Mark Wallace, director of the Vanderbilt Brain Institute and a prolific and distinguished neurobiologist and mentor, has been named dean of the Vanderbilt University Graduate School, Provost and Vice Chancellor for Academic Affairs Susan Wente announced today.
“Mark’s appointment represents another important step in Vanderbilt’s continued advancement as a national leader in graduate education. As a brilliant scientist, an inspiring mentor and a forward-thinking director of the Brain Institute, Mark has already bridged across multiple schools to strengthen Vanderbilt’s collaborative and interconnected teaching and learning environment,” Chancellor Nicholas S. Zeppos said. “He is extremely well-positioned to raise the Graduate School to a new level of excellence by leveraging the university’s unique combination of academics and research to attract top students and faculty who want to be a part of our diverse, transformative intellectual community.”
Wallace was selected for the role following a search that began in September 2015 and was conducted by a diverse, cross-college search committee chaired by Camilla Benbow, Patricia and Rodes Hart Dean of Education and Human Development. He assumed his new responsibilities Jan. 1. His formal appointment will be for five years and is pending approval by the Vanderbilt University Board of Trust.
“[lquote]Mark has an aggressive vision for meaningful change at the Graduate School and a suite of innovative ideas on how to propel graduate education forward.[/lquote] He has a proven track record of creating environments where graduate students thrive, as well as dramatic success in building trans-institutional relationships and infrastructure,” Wente said. “He also understands and values the importance of diversity to our future and is committed to expanding equity and inclusion at every level of the school. He is exactly the right person to make the vision and goals our students and faculty have articulated for graduate education a reality.”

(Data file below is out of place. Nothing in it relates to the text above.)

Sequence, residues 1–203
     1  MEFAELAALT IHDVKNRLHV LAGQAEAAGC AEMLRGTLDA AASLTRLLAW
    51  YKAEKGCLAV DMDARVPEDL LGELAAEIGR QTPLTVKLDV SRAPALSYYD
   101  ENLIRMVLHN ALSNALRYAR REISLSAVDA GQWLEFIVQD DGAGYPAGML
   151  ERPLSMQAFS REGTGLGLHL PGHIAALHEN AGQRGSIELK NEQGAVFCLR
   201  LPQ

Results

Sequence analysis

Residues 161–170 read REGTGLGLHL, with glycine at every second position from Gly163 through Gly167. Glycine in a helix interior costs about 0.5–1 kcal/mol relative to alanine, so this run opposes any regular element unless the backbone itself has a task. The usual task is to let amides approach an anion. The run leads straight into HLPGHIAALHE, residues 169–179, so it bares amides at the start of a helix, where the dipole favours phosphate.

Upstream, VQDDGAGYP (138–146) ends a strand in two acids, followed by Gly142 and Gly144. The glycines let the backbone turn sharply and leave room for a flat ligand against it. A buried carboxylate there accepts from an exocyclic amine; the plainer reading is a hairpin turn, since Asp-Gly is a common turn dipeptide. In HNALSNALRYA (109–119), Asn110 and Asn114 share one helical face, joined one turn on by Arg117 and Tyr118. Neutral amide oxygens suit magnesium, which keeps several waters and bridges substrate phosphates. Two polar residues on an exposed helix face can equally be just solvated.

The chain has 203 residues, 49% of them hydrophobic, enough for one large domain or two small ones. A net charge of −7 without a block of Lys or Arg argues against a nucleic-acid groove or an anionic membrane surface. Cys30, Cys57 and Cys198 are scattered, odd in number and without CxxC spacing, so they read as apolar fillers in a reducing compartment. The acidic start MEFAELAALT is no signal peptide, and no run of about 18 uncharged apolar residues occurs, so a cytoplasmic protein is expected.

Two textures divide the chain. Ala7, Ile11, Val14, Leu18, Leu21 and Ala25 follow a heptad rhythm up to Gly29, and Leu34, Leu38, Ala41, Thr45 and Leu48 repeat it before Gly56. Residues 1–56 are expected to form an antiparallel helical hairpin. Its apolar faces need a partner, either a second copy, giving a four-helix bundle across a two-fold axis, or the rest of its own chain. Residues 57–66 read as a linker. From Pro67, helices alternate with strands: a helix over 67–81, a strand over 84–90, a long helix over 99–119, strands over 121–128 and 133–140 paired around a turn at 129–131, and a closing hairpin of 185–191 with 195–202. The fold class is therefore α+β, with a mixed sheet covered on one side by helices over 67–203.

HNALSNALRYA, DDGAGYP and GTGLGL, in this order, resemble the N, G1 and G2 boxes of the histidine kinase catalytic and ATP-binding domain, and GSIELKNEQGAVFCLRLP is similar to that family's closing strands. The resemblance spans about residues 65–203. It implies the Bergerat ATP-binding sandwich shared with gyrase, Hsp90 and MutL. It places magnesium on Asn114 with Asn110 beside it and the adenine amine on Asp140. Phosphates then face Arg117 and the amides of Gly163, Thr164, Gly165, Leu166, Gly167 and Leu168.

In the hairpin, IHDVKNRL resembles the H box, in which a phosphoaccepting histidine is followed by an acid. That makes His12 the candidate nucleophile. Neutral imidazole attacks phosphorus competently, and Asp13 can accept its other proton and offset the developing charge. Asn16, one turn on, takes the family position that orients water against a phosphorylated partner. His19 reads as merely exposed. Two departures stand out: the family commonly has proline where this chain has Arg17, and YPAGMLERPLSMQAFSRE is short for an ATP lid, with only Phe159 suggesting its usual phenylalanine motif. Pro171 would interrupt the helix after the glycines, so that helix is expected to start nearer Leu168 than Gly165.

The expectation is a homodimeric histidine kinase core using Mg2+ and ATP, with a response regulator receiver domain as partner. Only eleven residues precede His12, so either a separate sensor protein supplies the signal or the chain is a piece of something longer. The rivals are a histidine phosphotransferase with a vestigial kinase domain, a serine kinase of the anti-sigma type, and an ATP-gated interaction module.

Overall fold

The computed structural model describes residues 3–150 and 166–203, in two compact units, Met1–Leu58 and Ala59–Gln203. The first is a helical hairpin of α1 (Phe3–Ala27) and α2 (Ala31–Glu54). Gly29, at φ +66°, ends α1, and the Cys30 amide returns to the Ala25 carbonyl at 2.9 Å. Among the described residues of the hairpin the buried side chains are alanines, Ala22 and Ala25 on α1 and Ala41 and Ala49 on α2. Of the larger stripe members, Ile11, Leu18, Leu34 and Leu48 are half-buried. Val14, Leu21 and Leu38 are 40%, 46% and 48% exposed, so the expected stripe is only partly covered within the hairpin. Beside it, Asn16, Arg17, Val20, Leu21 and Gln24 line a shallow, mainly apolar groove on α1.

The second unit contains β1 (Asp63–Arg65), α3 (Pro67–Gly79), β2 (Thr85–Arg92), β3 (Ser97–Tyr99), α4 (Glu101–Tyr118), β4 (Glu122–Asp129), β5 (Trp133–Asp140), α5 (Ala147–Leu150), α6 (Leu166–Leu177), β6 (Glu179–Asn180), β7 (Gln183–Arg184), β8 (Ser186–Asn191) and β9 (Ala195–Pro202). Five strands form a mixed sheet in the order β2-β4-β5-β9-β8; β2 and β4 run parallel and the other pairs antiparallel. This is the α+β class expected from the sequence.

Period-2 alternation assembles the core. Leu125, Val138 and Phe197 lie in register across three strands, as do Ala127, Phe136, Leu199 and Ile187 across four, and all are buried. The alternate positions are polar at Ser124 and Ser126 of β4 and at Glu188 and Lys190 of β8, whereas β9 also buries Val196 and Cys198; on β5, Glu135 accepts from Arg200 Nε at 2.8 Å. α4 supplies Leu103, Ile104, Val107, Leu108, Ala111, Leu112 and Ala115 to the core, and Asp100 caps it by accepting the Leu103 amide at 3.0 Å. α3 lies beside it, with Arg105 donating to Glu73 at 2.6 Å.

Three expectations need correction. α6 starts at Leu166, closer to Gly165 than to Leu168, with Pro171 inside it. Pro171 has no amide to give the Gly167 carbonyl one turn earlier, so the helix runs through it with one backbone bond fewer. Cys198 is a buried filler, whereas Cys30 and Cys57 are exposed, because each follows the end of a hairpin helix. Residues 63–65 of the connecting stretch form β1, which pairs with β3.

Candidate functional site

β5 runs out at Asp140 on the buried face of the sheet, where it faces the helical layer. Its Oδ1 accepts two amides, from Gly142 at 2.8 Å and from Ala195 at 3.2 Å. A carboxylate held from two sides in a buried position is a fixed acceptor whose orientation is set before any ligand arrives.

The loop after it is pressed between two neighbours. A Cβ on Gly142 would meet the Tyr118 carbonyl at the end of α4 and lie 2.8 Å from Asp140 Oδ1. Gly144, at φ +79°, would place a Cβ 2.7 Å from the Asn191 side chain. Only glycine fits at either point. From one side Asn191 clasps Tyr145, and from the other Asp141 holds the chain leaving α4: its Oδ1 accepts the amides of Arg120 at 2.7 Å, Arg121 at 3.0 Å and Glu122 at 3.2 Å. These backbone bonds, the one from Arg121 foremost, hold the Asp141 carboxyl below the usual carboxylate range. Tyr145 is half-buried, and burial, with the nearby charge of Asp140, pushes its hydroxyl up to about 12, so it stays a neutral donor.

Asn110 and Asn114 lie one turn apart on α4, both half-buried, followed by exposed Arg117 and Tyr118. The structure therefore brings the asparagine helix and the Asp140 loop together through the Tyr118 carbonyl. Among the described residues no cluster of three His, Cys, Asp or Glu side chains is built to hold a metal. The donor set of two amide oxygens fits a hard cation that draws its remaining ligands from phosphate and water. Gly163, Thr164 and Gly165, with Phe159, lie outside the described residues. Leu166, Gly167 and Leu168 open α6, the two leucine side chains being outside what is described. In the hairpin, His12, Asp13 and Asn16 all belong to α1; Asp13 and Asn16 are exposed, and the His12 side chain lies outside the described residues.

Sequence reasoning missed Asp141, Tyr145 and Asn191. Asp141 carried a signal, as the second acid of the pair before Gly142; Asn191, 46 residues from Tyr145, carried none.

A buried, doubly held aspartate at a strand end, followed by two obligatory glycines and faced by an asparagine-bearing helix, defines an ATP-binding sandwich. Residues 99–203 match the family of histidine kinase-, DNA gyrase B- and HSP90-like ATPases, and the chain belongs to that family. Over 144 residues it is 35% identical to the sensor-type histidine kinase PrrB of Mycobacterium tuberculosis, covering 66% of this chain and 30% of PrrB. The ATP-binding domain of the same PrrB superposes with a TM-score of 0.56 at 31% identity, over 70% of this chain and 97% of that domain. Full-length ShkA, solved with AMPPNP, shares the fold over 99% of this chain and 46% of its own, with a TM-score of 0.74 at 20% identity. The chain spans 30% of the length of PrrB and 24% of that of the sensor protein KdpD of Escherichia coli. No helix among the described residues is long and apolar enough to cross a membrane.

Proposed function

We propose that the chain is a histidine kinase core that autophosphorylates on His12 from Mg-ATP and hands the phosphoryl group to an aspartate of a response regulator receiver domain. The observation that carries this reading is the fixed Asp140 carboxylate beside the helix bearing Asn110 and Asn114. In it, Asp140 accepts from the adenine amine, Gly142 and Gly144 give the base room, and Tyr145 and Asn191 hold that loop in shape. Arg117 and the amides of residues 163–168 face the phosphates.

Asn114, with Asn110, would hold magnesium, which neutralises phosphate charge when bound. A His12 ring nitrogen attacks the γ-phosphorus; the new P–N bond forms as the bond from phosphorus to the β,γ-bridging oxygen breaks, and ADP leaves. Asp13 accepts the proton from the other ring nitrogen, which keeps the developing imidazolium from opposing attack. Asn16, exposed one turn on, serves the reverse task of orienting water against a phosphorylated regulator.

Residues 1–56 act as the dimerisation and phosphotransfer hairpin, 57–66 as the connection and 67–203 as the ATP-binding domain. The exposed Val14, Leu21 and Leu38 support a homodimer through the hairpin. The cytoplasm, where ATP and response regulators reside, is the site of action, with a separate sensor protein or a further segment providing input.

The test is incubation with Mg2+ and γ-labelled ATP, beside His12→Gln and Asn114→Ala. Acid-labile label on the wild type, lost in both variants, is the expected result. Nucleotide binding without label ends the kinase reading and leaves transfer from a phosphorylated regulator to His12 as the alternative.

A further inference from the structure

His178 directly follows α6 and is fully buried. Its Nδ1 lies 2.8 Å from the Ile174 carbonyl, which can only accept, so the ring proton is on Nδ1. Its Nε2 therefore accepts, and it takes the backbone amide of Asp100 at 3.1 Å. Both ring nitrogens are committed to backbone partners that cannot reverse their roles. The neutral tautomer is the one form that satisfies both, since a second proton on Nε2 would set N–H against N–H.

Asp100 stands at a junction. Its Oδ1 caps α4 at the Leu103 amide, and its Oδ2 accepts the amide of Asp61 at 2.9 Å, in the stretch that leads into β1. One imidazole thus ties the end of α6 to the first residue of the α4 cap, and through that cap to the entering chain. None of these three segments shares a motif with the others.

As dean of the Graduate School, Wallace serves as the chief administrator for all graduate programs within the university’s schools and colleges. The Graduate School is the pathway and official school of record for graduate student applications, admissions, registration and enrollment; the monitoring and recording of academic progress and milestones; and the awarding of degrees. In addition, Wallace will oversee graduate offices of diversity, professional development, placement and postdoctoral affairs.
“I am deeply honored and humbled by my selection for this position,” Wallace said. “I am very excited about the university’s strong commitment to graduate education as articulated in the new Academic Strategic Plan, and relish the opportunity to promote excellence and innovation in this arena. [rquote]Our graduate students and graduate faculty are tremendous intellectual engines, and I very much look forward to working with them in my new role.”[/rquote]
Wallace was a member of the Graduate Education Study Group, which Wente charged in September 2014 with laying the course for the future of graduate education. The executive summary of the study group’s draft recommendations was released in May 2015. Wente has already made several strategic investments based on the recommendations, which included designating new space for the school administration and activities and planning for expanded and enhanced career development resources and counseling services across the spectrum of disciplines.
The investments also included separating the responsibilities of the vice provost for research from the dean of the graduate school to allow the dean to focus solely on excellence in graduate education. Wallace will work closely with the new vice provost for research, Padma Raghavan, who joins the university Feb. 1.
In early 2016, the Graduate School will move to a new home in the recently renovated Alumni Hall designed to facilitate graduate student access.